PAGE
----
Service dogs are dogs that are specially trained to help people with disabilities perform tasks. Service dogs don’t just help people with physical disabilities, such as blindness. Psychiatric service animals are trained to help people with mental health issues such as anxiety disorders fully participate in their daily lives.
Read on to learn more about service dogs for anxiety.
What is a service dog?
The Americans with Disabilities Act (ADA), last updated in 2010, defines a service animal as an animal that is “individually trained to work or perform tasks for persons with disabilities.” Dogs and miniature horses are both approved as service animals by the ADA, but no other species are approved.
Psychiatric service dogs are specially trained to help those with mental health issues such as anxiety. They are working animals, performing tasks on behalf of their owners.
Service Dogs and Emotional Support Animals
ADA mandates emotional support, therapy, comfort and companion animals no Qualifies as a service animal. This is because despite the emotional support provided, they were not trained to perform specific tasks for their handlers.
Since emotional support animals are not ADA protected, you may not be allowed in all public spaces with them. You should check the local laws of any state or county where you live to confirm.
How They Help An Anxiety Attack
According to the ADA, your animal is considered a service animal if it is trained to perform specific tasks during an anxiety attack, such as asking for help or providing tactile input to calm you down.
If your animal’s simple presence provides comfort and anxiety, it’s considered an emotional support animal.
Service dogs are trained to perform tasks or otherwise assist their owners so they can participate safely and fully in everyday life. According to the ADA, these tasks must be directly related to the disability.
For example, psychiatric service dogs may be trained to detect episodes of mental illness, such as panic attacks in people with anxiety disorders. Dogs can also help their owners avoid triggers, or reduce symptoms of these events through tactile input or redirecting their handlers.
Some examples of tasks a service dog might perform for someone with anxiety disorders include:
- remind their handlers to take their medication
- Conduct a room search or security check
- Awaken their trainers from traumatic nightmares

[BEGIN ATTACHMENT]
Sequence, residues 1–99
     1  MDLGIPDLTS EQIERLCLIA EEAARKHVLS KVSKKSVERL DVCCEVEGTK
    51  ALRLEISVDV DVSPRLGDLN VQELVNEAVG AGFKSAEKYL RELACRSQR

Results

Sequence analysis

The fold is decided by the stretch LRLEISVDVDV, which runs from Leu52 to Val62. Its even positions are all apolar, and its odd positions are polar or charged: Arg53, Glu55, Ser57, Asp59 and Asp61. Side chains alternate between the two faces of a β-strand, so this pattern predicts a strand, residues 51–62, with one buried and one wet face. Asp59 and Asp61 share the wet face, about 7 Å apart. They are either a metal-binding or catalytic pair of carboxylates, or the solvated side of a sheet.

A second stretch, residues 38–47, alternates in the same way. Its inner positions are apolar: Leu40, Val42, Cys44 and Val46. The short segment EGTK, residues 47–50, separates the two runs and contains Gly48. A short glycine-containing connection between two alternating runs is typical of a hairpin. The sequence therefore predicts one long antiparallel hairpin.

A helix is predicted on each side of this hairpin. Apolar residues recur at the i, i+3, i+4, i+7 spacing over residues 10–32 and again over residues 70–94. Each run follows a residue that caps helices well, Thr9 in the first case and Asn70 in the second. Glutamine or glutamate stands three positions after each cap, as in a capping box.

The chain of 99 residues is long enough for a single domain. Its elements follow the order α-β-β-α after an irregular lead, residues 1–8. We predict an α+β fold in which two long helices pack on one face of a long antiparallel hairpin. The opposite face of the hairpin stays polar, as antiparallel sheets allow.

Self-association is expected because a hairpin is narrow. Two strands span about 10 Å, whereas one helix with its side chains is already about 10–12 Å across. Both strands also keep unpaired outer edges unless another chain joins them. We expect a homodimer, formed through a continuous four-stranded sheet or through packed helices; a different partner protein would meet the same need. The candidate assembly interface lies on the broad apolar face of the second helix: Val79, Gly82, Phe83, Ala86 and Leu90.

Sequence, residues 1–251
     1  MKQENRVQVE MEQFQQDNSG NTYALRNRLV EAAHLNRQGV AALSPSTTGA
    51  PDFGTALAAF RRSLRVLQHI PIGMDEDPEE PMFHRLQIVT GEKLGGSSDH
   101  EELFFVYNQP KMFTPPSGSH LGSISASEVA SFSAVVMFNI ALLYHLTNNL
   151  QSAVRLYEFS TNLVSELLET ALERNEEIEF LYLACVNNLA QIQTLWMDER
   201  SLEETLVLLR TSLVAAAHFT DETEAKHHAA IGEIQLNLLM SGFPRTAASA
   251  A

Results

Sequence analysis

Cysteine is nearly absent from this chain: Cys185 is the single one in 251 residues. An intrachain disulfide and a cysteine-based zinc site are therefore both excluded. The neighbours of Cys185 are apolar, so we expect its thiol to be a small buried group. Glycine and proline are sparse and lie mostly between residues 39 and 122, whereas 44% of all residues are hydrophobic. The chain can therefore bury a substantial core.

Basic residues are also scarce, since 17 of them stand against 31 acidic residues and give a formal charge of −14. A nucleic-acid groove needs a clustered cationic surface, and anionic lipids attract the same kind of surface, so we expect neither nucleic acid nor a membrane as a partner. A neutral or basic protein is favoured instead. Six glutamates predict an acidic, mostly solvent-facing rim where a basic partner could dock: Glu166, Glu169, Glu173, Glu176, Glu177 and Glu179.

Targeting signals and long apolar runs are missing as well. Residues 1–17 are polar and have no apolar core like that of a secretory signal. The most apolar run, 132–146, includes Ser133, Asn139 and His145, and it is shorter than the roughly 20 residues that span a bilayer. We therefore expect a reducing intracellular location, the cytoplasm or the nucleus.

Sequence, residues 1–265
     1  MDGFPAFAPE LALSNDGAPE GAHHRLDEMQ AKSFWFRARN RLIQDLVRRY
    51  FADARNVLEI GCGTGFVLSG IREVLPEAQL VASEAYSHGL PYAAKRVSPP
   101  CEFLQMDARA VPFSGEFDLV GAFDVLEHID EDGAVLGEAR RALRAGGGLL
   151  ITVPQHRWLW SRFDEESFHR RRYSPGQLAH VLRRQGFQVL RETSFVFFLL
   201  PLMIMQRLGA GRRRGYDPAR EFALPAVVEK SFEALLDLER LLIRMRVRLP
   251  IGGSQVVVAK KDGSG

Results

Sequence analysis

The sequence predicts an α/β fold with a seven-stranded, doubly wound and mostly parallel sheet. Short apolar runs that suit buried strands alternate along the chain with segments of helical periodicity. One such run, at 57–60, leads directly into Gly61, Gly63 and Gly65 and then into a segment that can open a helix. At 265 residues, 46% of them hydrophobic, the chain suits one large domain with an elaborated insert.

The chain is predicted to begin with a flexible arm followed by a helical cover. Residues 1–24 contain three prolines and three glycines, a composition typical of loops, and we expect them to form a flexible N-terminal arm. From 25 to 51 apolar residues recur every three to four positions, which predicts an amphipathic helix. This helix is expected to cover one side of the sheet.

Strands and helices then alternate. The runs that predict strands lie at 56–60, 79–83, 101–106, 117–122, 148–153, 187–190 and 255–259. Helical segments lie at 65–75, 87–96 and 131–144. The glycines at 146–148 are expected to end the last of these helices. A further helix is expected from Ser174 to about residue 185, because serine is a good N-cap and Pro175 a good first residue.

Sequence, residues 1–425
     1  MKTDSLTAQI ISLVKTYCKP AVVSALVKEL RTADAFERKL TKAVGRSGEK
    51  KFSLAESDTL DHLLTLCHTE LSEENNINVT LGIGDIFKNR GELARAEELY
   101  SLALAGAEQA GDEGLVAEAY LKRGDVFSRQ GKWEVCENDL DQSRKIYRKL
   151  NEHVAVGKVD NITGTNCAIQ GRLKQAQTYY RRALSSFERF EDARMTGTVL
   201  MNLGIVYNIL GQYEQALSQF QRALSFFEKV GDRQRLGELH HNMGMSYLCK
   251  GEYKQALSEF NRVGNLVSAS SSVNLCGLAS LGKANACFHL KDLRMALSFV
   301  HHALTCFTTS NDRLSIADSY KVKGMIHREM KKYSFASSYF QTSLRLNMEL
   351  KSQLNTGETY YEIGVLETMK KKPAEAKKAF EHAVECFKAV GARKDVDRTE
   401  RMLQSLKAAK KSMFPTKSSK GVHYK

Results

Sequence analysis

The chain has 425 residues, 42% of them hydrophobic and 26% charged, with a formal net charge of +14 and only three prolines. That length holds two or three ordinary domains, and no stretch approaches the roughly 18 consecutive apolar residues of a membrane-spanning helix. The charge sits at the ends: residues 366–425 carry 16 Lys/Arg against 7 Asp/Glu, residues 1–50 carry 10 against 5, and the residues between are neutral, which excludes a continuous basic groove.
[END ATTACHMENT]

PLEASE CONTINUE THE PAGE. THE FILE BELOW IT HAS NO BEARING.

- Turning on the Lights for People with Post Traumatic Stress Disorder (PTSD)
- Opening doors, retrieving mail, or other tasks for people with social anxiety disorder or agoraphobia
- Interrupting self-harm or compulsive behavior
- Keep disoriented or panicked handlers out of danger
- Provides tactile input to reduce anxiety
To date, most research on service dog anxiety has been conducted in veterans with PTSD, an anxiety disorder.
In a group of veterans with PTSD, the use of a psychiatric service dog along with three weeks of intensive trauma-resilience training reduced PTSD symptoms and improved overall quality of life, one study found.
Another study investigated exactly how service dogs provide these benefits. In interviews with PTSD participants who used service dogs, service dogs were found to help:
- interrupt the nightmare
- Improve sleep quality and duration
- Reduce hypervigilance by warning and creating boundaries
- Helps divert attention away from intrusive or trauma-related thought patterns
- Improve emotional connection with others
- Increase community engagement
- increase physical activity
- reduce the need for drugs
- reduce suicidal urges
If you are struggling with anxiety or suicidal thoughts, call the Substance Abuse and Mental Health Services Administration (SAMHSA) National Helpline at 1-800-662-4357 for information on support and treatment facilities in your area.
For more mental health resources, see our national helpline database.
Purchasing a service dog from some professional organizations can cost up to $25,000. This cost includes selection or breeding, veterinary fees, food, and extensive, rigorous training by a service dog specialist. You may have to pay more for specific skills.
However, many service dog breeding and training organizations, such as NEADS and the American Humane Society, offer financial assistance and offer service dogs at free or subsidized rates through grants and funding.
Certain protected groups also receive special funding for service dogs.
The Dog Assistance for Veterans Treating the Wounded Act, or PAWS Act, signed into law by President Biden in August 2021 and effective in early 2022, will further reduce the cost of service dogs for veterans.
There’s also no requirement to buy a service dog from one of these organizations; you can inexpensively train an existing pet, raise your own dog, or adopt a dog from an animal rescue.
How to Train a Service Dog
The ADA does not require service animals to undergo a professional service dog training program. However, there are many such programs available, and working with an expert can ensure that your dog is trained highly effectively. However, you can also choose to train your dog yourself.
Training your own service dog can be a very time-consuming job. It can also be frustrating and challenging without previous dog training experience. However, many people find it very beneficial. The American Kennel Club recommends that service dog training begin with: